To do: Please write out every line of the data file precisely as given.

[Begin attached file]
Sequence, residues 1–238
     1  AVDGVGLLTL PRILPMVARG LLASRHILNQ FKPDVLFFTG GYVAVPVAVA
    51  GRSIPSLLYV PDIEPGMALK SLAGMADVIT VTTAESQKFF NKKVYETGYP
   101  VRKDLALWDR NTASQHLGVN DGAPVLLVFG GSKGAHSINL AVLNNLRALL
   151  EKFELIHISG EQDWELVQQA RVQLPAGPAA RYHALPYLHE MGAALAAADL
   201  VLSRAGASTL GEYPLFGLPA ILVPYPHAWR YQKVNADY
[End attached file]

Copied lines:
Sequence, residues 1–238
     1  AVDGVGLLTL PRILPMVARG LLASRHILNQ FKPDVLFFTG GYVAVPVAVA
    51  GRSIPSLLYV PDIEPGMALK SLAGMADVIT VTTAESQKFF NKKVYETGYP
   101  VRKDLALWDR NTASQHLGVN DGAPVLLVFG GSKGAHSINL AVLNNLRALL
   151  EKFELIHISG EQDWELVQQA RVQLPAGPAA RYHALPYLHE MGAALAAADL
   201  VLSRAGASTL GEYPLFGLPA ILVPYPHAWR YQKVNADY